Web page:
Adding a ton of free agents won't help the team get over the hump if two or three key starters are injured during the playoffs. 12 of the Bengals' 2015 starters have missed at least one playoff game in the past three seasons due to injury. More, like Mike Nugent in 2012, have missed playoff games in previous seasons. There's just not much you can do about injuries, other than hope for the best. The Broncos did not lose a single starter during their 2015 Super Bowl run. It takes luck like that to hoist the Lombardi trophy.
Ultimately, my point is that health, rather than flashy offseason spending has a bigger impact on a team's ability to win a Super Bowl. I'd argue that if the Bengals are able to get into the playoffs every season with the players they have, they have a better chance of winning the Super Bowl than they do in an alternate universe where they spend $20 million on external free agents. It doesn't matter how many consecutive playoff games they manage to lose.
3. Not going after wide receivers with urgency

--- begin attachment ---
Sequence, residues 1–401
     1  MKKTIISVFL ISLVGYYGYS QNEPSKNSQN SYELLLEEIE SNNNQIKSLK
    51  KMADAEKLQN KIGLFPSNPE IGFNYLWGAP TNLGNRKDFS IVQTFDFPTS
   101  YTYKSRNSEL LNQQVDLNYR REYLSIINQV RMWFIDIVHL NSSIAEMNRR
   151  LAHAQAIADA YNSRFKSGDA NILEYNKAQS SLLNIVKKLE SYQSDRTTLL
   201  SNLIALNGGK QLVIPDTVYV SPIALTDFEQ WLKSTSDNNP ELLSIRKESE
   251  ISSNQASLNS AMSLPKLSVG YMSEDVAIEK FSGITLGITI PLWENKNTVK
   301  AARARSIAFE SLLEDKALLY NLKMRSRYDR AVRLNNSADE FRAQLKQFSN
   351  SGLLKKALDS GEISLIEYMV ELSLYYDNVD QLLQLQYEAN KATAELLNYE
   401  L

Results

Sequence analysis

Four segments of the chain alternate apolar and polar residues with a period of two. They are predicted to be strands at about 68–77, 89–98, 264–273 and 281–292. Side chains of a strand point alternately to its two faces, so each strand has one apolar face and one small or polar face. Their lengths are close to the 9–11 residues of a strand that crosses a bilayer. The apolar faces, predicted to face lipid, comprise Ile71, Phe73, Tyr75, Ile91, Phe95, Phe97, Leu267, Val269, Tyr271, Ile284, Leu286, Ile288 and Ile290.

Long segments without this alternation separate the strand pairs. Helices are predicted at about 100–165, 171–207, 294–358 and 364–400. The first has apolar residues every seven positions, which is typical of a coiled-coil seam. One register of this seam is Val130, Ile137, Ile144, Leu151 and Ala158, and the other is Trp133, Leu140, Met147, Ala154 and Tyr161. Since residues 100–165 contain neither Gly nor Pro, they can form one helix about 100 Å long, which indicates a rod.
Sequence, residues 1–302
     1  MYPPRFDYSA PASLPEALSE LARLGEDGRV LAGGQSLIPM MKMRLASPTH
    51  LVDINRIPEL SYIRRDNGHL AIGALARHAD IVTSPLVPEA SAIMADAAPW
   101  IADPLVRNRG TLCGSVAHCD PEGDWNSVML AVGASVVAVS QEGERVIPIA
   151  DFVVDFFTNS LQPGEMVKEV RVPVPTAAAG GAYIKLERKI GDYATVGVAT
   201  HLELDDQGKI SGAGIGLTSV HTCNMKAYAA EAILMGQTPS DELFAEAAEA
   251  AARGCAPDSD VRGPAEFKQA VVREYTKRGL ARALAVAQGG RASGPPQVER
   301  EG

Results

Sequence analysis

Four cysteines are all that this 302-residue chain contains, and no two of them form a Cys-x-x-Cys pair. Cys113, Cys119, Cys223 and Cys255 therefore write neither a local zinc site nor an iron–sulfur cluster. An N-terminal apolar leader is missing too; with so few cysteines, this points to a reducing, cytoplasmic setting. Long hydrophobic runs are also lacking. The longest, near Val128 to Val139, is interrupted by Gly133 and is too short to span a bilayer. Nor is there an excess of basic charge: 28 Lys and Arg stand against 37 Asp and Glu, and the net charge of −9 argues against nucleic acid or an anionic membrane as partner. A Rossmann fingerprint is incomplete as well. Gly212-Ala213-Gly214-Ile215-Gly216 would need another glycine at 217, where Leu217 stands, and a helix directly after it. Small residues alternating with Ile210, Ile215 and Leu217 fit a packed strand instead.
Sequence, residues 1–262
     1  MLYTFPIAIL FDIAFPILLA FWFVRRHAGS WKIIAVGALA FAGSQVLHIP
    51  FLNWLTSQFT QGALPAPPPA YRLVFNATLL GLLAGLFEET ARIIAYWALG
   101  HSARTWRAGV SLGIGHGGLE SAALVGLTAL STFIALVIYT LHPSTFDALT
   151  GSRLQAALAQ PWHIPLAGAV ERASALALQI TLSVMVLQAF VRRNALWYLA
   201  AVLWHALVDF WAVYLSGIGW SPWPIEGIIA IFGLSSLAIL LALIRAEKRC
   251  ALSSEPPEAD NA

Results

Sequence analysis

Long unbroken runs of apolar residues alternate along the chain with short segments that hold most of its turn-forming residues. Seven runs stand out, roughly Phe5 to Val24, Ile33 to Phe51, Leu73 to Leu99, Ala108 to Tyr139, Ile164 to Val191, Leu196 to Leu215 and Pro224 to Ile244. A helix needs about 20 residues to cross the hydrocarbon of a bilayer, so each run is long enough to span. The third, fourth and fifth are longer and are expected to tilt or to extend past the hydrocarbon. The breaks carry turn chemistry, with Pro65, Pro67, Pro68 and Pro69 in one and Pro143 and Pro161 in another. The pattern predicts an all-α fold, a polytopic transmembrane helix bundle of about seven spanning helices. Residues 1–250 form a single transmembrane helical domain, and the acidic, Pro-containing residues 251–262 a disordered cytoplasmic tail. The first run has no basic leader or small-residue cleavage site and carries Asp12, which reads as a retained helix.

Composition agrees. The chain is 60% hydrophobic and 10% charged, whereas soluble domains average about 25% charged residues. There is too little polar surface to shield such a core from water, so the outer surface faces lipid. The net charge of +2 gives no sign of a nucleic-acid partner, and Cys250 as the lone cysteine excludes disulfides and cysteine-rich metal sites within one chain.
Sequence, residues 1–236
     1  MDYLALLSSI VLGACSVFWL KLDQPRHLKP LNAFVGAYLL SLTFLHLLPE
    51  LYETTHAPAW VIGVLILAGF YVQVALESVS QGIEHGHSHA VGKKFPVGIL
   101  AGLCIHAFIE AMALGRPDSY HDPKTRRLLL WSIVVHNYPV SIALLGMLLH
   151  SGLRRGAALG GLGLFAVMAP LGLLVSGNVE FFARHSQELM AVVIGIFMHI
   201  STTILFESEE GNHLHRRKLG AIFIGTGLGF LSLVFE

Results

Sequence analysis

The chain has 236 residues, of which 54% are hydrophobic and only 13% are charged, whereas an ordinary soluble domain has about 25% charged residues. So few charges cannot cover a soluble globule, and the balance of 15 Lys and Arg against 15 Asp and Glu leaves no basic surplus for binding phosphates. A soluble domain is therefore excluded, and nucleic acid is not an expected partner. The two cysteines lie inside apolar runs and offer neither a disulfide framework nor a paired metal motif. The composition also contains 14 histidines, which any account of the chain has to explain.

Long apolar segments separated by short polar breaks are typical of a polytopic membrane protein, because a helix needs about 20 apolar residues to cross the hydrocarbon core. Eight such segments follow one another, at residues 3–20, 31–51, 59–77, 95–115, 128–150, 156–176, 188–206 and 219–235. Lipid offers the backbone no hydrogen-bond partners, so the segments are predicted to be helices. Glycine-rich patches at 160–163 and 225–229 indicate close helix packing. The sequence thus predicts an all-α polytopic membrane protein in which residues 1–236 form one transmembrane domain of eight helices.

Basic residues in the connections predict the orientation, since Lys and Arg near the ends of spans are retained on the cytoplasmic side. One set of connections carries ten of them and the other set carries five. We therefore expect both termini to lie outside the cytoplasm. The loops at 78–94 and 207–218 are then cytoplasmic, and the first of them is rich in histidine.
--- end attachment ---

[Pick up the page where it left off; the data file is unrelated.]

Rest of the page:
This year, the wide receiving market was very slim, which grants the Bengals a bit of a pass when it comes to not being able to find a complement to A.J. Green out wide. But Cincinnati still could've done more in free agency at the wide receiver position once Jones and Sanu walked.
I certainly understand where they're coming from; they'll be able to add both a receiver and a draft pick by adding someone like Brandon LaFell, as he doesn't count towards the team's compensatory picks. Travis Benjamin signing a 4 year, $24 million contract with the Chargers was a huge value signing. I have no idea why Cincinnati couldn't get a deal done with the former Browns receiver, as Cincinnati would have offered a great change of scenery for the wide receiver. Benjamin wouldn't be the top receiver in Cincinnati, but Keenan Allen owns that role in San Diego. So there's really no reason why the Bengals shouldn't have taken a flier on him. I get why the Bengals probably didn't even send an offer Benjamin's way, but I'm still a bit frustrated with the decision.